Report 30 / Middle East & North Africa 3 minutes

Reconstructing Iraq

Amid political instability and violence, Iraq's economic problems have been viewed as secondary and unrelated. They are not. U.S. and Iraqi institutions have systematically lost and the insurgency gained momentum as living conditions failed to improve.

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Executive Summary

Amid political instability and violence, Iraq's economic problems have been viewed as secondary and unrelated. They are not. U.S. and Iraqi institutions have systematically lost and the insurgency gained momentum as living conditions failed to improve. Economic hardship and violence (political and criminal) feed on each other: heightened popular dissatisfaction and unemployment swell insurgent ranks and the growing insurgency further hampers development. Without genuine reconstruction and a sustained recovery plan, any political success will be short-lived. Coalition Provisional Authority (CPA) performance fell far short of expectations and needs and offers a fragile, dysfunctional legacy on which to build. The Interim Iraqi Government, its still-to-come elected successor, and the international community can ill afford to repeat its mistakes.

Lack of security has been important and will continue to hinder economic activity. Kidnappings, assassinations and travel restrictions discouraged reconstruction and investment and led many non-Iraqis to withdraw. Attacks on oil facilities further disrupted the economy. Assessments of what went wrong also must recognise the difficulties of rebuilding an economy ravaged by Baathist misrule, war, and sanctions.

But obstacles have not been of a security nature alone or wholly due to the Baathist legacy. The CPA made a hard job harder. For the most part, the occupation forces came without a plan. What strategy they had benefited from little if any Iraqi input, was heavily shaped by ideology and repeatedly subject to Washington's political deadlines. CPA plans for complete economic overhaul quickly encountered stiff opposition by Iraqis intent on their own long-term strategy; shifting course, the CPA took ad hoc decisions, leaving unresolved crucial policy questions for fear of triggering even greater discontent. Thus, it was originally fixated on large-scale privatisation but, facing Iraqi hostility, neither privatised nor relinquished the objective. As a result, it failed to devise an alternative approach that might have revived ailing state companies so they could be used to find temporary jobs for the unemployed.

The 15 November 2003 turnaround accelerating the transfer of sovereignty led officials to readjust plans abruptly and emphasise projects they could complete, without regard to how they fitted an overall reconstruction strategy or whether they addressed Iraqis' immediate needs. U.S. bureaucratic infighting and high staff turnover and inexperience added to the obstacles. Inadequate transparency and accountability in the contracting process combined with real or alleged corruption has fed distrust of both occupation authorities and Iraqi institutions.

The point of listing failings is to learn from them. A sovereign Interim Government and eventually an elected one may be better positioned to correct missteps; more legitimate institutions may be better able to address everyday needs. But even if the process is smooth and viewed as credible by Iraqis -- a considerable "if" -- this will be a partial answer. Many issues that vexed the CPA remain. The Interim Government, for example, will be reluctant to make broad economic changes lest it be accused of usurping an elected government's prerogatives. As Lebanon's precedent shows, allocating power and positions along ethnic/sectarian lines risks encouraging a parallel apportionment of public jobs and resources, with corruption and malfeasance as by-products. Nor have the occupation authorities truly disappeared: the U.S. remains powerful and, importantly, controls most reconstruction funds.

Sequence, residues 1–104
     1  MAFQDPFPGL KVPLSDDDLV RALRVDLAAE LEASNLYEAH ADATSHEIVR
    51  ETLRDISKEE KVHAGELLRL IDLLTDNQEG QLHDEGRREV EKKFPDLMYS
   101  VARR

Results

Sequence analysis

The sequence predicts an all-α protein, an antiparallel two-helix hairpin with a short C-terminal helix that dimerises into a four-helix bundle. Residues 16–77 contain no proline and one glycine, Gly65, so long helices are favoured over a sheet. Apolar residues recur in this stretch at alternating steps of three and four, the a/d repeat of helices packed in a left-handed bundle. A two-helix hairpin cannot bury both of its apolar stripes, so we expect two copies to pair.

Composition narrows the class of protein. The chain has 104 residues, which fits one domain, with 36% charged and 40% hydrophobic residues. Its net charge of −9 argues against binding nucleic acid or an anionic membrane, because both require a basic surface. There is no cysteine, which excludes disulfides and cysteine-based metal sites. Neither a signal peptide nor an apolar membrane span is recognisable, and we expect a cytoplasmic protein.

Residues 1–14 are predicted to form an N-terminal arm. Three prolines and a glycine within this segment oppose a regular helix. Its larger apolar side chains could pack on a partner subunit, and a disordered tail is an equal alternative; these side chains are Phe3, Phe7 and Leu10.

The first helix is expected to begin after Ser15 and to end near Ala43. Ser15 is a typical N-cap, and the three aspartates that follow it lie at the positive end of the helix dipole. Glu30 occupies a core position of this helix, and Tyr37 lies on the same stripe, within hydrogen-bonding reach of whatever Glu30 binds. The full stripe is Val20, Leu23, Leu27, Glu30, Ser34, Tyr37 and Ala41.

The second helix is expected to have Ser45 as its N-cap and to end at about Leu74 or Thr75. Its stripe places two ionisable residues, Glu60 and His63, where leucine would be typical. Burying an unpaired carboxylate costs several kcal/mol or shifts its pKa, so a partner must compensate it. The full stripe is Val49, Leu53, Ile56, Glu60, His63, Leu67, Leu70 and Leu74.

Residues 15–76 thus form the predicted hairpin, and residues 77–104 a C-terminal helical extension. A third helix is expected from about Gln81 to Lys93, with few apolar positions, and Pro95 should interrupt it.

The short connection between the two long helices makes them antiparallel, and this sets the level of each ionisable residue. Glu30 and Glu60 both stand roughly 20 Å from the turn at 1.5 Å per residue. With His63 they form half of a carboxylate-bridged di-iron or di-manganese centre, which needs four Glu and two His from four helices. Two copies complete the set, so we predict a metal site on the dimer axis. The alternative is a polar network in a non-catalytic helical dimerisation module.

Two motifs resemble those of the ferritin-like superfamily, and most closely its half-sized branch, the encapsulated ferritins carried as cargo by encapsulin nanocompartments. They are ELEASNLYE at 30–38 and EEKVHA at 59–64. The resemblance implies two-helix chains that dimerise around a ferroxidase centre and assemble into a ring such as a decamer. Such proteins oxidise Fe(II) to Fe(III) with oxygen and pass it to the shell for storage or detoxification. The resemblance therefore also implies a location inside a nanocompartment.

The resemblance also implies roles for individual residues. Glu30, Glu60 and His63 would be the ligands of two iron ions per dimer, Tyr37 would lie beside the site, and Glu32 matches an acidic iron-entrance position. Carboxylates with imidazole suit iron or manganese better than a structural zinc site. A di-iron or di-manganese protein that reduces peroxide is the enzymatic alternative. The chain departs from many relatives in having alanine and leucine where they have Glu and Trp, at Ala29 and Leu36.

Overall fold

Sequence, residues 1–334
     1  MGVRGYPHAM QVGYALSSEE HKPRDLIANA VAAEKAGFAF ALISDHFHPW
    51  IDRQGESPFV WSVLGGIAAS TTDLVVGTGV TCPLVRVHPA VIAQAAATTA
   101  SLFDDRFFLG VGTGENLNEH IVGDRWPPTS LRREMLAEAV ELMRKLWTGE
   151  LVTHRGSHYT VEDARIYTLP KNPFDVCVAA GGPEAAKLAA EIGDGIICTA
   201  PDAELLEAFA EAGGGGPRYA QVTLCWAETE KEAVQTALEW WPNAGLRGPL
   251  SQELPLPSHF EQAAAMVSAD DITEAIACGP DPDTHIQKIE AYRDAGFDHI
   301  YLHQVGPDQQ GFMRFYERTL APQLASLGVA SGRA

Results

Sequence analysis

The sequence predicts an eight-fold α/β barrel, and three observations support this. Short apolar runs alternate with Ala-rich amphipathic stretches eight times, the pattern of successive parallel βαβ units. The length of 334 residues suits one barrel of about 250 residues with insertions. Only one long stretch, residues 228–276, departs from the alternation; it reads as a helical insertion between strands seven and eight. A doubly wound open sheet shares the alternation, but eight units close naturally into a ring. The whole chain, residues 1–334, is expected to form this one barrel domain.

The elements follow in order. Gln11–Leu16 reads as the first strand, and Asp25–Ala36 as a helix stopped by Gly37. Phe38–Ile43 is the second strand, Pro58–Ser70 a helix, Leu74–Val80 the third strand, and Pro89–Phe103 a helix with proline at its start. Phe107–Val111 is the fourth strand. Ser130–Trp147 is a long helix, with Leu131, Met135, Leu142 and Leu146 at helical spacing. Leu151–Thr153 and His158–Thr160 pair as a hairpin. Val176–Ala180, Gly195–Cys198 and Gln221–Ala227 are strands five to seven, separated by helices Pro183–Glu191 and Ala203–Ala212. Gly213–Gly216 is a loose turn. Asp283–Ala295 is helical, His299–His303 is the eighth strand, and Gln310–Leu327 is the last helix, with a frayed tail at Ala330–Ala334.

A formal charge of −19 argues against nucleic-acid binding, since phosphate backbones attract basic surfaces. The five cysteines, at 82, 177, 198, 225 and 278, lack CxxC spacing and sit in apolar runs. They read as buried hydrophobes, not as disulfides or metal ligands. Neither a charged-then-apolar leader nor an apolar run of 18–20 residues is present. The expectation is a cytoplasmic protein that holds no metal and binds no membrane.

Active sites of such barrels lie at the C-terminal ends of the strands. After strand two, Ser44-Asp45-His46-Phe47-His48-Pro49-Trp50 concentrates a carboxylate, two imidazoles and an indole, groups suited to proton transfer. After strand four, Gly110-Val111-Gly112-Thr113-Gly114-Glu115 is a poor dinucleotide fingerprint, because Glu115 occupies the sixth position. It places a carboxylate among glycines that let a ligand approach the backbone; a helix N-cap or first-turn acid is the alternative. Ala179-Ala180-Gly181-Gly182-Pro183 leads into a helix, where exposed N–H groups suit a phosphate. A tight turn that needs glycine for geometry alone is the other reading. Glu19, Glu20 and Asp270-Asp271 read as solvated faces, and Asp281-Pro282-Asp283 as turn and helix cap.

The Interim Government's fundamental challenge will be to devise a coherent reconstruction strategy that focuses on immediate material improvement and sets the stage for longer-term sound rebuilding while avoiding a socio-economic crisis and its attendant political implications. This means protecting and creating jobs; far greater involvement by Iraqis -- including civil society, local councils, trade unions and associations -- at the local level; and structural steps (such as decentralisation, and a strengthened, independent media and judiciary) to curtail corruption.

The international community's full and swift help is needed. Increased assistance will not suffice; aid institutions, particularly those carrying out reconstruction projects on behalf of the U.S. government, should reconsider their approach. Project-driven, externally designed aid is not the answer. Instead, the international community should work with Iraqi institutions to design a comprehensive economic development plan that seeks citizen input, emphasises decentralisation, job creation and alleviation of socio-economic distress, and includes a powerful transparency and anti-corruption component.

Giving Iraq a real chance to recover also requires a clean break with the financial legacy of the Baathist regime -- not full and total repudiation, but a significant write-off of debt and war reparations obligations through a smart combination of moratoriums, debt reduction, and preferential treatment of creditors in reconstruction projects.

Amman/Baghdad/Brussels, 2 September 2004

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